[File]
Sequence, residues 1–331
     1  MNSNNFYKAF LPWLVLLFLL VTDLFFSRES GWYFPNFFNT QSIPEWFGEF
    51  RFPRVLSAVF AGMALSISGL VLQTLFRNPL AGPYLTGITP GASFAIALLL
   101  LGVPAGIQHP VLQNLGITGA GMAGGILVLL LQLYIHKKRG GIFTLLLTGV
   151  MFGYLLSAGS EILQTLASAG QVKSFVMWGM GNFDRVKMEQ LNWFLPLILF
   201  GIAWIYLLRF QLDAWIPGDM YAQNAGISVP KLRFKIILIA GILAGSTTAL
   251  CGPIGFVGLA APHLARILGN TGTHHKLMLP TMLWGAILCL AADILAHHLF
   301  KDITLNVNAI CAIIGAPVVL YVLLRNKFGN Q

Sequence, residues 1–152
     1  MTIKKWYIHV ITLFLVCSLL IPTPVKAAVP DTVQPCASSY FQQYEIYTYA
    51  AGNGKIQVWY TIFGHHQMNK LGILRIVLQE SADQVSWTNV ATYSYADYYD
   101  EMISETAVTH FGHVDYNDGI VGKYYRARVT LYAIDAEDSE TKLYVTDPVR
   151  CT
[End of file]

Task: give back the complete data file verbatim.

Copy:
Sequence, residues 1–331
     1  MNSNNFYKAF LPWLVLLFLL VTDLFFSRES GWYFPNFFNT QSIPEWFGEF
    51  RFPRVLSAVF AGMALSISGL VLQTLFRNPL AGPYLTGITP GASFAIALLL
   101  LGVPAGIQHP VLQNLGITGA GMAGGILVLL LQLYIHKKRG GIFTLLLTGV
   151  MFGYLLSAGS EILQTLASAG QVKSFVMWGM GNFDRVKMEQ LNWFLPLILF
   201  GIAWIYLLRF QLDAWIPGDM YAQNAGISVP KLRFKIILIA GILAGSTTAL
   251  CGPIGFVGLA APHLARILGN TGTHHKLMLP TMLWGAILCL AADILAHHLF
   301  KDITLNVNAI CAIIGAPVVL YVLLRNKFGN Q

Sequence, residues 1–152
     1  MTIKKWYIHV ITLFLVCSLL IPTPVKAAVP DTVQPCASSY FQQYEIYTYA
    51  AGNGKIQVWY TIFGHHQMNK LGILRIVLQE SADQVSWTNV ATYSYADYYD
   101  EMISETAVTH FGHVDYNDGI VGKYYRARVT LYAIDAEDSE TKLYVTDPVR
   151  CT